North Carolina Newspapers is powered by Chronam.
SsiMuNI THE PINHHUJKbl vuii-wiw
Published Every Saturday Morning During
the Season, November May, at
Pinehurst, Xorth Carolina
Conducted tr Halph W. Paj:
For advertising rates and space apply to
EIMFIW A. MEJIIAM
Pinehurst, N. C.
One Dollar Annually. Five Cents a Copy
Foreign Subscriptions Fifty Cents
The Editor is always glad to consider contribu
tions. Good photographs are especially desired.
Editorial rooms over the Department Store.
Hours 9 to 5. In telephoning ask central for
Outlook Office. .
Advertising rate card and circulation state
ment on request.
Entered as second class matter at Post Office
at Pinehurst, Moore County, North Carolina.
At the Pinzhukst Chapil:
Winter Coif dumber, lfllft
Holv Communion 9.30 A. J.
Children's Services 10.00 A.M.
Morning Service and Sermon. .. 11.00 A.M.
Night Service at the Community
House at 8.00 P.M.
Early Mass .'. . 6.15 A. M.
Second Mass 8.00 A. M.
Wednesday and Friday afternoons at . 5.30
Arrive 3.2S A. M. Depart 8.00 A. M.
10.30 A. M. 9.45 A. M.
6.27 P. M- 6.00 P. M.
8.05 P. M. 8.00 P. M.
Leave 9.45 A. M.
9.35 P. M.
Due 8.20 a. M.
8.05 P. M.
Leave 7.25 A.M.
7.23 P. M.
Due 10.35 a. M.
10.30 P. M.
PINEHURST SO. PINES BUS LINE
LEAVE SOUTHERN PINES
Broad St. Pharmacy
9.00, 10.00 11.00, 11.45 A.M.
Highland Pines Inn
9.05, 10.05, 11.05, 11.50 A.M.
Broad St. Pharmacy
1.45. 2.30, 3.00. 3.30, 5.00 P.M.
Highland Pines Inn
1.50. 2.35. 3.05, 3.35. 5.05 P.M.
All busses go from Drug Store via Hollywood
Carolina 9.30, 10.30. 11.30, 12.30 A. M.
9.35, 10.35. 11.35, 12.35 A.M.
Carolina 2.30, 3.00, 3.30, 4.30, 5.45 P.M.
2.35, 3.05, 3.35, 4.35, 5.50 P.M.
Price for the round trip is Fifty Cents, pay
able on the first trip and driver will give you
return ticket. A charge of fifteen cents will
be made for parcels delivered at the starting
or stopping point of the bus.
These busses run daily.
It ED CnOII WORK
Work on surgical dressings and hos
pital supplies for our soldiers in France
by all the women in the village, includ
ing all transient guests, goes on steadily
at the following places
Workroom at the School Rouse near
the Movie Treatre Every Morning.
Carolina Hotel Every Tuesday and Fri
day Morning from 10 to 12.30.
School House Every Tuesday Evening.
PINEHURST BRANCH, SANDHILL CHAPTER
AMERICAN RED CROSS
Chairman, Mrs. Leonard Tufts.
Secretary and treasurer, Mrs. J. D. C.
Permanent Committee Mrs. T. T.
Watson, Mrs. W. H. Priest, Mrs. C. E.
Horton and Mrs. G. M. Howard.
REPORT ON WORK ALREADY DONE
Mrs. Bumsey, the treasurer of the Bed
Cross work in Pinehurst, reports that the.
ladies of the village during November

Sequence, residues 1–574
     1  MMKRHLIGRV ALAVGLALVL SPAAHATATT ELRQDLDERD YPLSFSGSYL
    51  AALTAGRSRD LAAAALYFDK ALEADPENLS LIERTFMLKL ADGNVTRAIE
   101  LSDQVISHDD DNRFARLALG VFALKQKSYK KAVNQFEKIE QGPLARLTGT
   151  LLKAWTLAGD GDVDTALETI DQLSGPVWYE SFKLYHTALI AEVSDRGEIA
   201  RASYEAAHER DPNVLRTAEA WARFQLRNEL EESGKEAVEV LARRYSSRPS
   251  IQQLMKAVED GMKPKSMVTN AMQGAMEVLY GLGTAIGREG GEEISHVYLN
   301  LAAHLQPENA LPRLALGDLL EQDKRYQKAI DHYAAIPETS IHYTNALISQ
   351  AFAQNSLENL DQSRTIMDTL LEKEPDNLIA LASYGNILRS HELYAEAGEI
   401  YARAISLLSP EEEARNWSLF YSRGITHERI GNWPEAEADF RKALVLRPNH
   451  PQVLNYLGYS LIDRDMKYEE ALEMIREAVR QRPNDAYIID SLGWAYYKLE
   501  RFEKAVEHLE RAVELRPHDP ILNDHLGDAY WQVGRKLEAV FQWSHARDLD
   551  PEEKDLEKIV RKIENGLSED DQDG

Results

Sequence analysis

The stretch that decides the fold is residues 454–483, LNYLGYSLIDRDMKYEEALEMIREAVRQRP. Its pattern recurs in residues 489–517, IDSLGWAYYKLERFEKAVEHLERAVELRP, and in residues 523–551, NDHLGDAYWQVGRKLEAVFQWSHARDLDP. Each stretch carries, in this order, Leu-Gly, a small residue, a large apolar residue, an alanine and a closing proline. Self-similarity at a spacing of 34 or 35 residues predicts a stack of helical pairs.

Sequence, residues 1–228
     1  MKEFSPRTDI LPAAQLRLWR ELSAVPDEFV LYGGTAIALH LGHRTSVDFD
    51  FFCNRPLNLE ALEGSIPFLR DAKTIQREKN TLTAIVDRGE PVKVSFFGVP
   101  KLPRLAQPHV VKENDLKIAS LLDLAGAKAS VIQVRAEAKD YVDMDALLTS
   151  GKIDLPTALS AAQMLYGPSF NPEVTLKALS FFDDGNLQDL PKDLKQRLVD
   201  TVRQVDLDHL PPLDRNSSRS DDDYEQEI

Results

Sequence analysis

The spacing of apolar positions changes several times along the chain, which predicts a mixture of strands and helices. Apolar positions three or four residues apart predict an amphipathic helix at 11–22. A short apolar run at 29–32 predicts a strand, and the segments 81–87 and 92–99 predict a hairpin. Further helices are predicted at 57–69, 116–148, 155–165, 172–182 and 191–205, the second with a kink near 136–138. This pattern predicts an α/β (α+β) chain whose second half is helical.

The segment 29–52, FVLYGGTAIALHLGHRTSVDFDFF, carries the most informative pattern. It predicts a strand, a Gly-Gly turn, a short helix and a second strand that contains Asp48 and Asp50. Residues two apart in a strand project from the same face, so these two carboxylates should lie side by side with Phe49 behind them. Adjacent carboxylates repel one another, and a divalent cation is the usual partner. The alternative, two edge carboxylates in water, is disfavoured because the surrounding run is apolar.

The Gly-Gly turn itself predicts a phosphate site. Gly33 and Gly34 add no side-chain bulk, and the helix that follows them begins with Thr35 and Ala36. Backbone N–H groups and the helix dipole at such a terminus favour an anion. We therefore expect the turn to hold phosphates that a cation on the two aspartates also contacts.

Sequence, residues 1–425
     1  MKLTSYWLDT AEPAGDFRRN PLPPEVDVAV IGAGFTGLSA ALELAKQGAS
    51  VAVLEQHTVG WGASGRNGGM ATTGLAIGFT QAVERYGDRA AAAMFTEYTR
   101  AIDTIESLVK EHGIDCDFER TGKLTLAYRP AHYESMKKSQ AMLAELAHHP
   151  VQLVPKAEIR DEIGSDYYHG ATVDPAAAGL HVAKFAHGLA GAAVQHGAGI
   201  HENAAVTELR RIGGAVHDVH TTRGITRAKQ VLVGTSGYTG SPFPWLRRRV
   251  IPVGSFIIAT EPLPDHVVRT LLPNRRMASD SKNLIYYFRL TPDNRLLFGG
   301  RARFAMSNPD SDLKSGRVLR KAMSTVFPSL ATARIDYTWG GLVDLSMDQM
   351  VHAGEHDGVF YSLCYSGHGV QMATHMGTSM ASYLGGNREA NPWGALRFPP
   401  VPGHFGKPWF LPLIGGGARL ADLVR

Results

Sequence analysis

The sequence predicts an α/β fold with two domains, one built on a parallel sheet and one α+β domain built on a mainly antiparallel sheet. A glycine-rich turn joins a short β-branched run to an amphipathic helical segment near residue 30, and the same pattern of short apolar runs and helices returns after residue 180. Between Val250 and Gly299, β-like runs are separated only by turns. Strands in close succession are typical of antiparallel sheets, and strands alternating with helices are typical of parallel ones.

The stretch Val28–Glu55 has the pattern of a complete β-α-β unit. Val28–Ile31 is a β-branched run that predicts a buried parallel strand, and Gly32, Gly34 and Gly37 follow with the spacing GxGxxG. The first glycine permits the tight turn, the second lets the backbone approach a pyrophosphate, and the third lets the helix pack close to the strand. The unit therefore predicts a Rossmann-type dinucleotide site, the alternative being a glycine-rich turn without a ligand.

and December turned out the following
Surgical dressings .2018
Knitted articles 64
Two shipments of these knitted things
have already been made, and the Branch
sent also a Christmas package to the
front. The surgical dressings will be sent
off as soon as the proper, wrappings can
This community, as well as every inde
pendent neighborhood in the United
States, is in duty bound to keep up its
quota of hospital supplies, obtaining the
materials and doing the work without
calling upon the 'sorely, pressed head
quarters for anything. The community
has responded to the call for funds to
keep the needed material on hand, but
not to the extent that it is expected they
will when the situation is more clearly
understood. Early in December it was
necessary to negotiate a loan of $300
from the bank of Pinehurst. The re
ceipts and expenditures to date are
Proceeds note bank Pinehurst.. $298.50
Donations and entertainments. . 308.65
Faid Atlanta Branch, gauze and
Paid note due bank 300.00
Balanch cash on hand 10.35
The Branch still have bills for wool and
other material amounting to over $100.
And of course the work has to continue
in ever increasing volume. This means
that our expenses for material will be
double or treble what they have been
hitherto. Donations of either money or
materials will be gratefully received.
Mrs. J. D. C. Bumsey,
Secretary and Treasurer.
THAT TIMES KlIITOniAL
Stepping aside from the high matters
of State, and the saving of the Democ
racy, the New York Times the other day
paused in full career to take up the
cudgels for the Dodo Golfer, and to take
a fall out of those driving parks layed
out by the foul fiend for the embitter
ment of thousands of lives, and the losing
of myriads of balls and characters and
tempers. Especially does it excoriate the
prevalence of dugouts, morasses, barriers
and jungles so intricate that the poor
dub is driven distracted to the nineteenth
hole and for even a look in on Bogey.
Since without question or debate this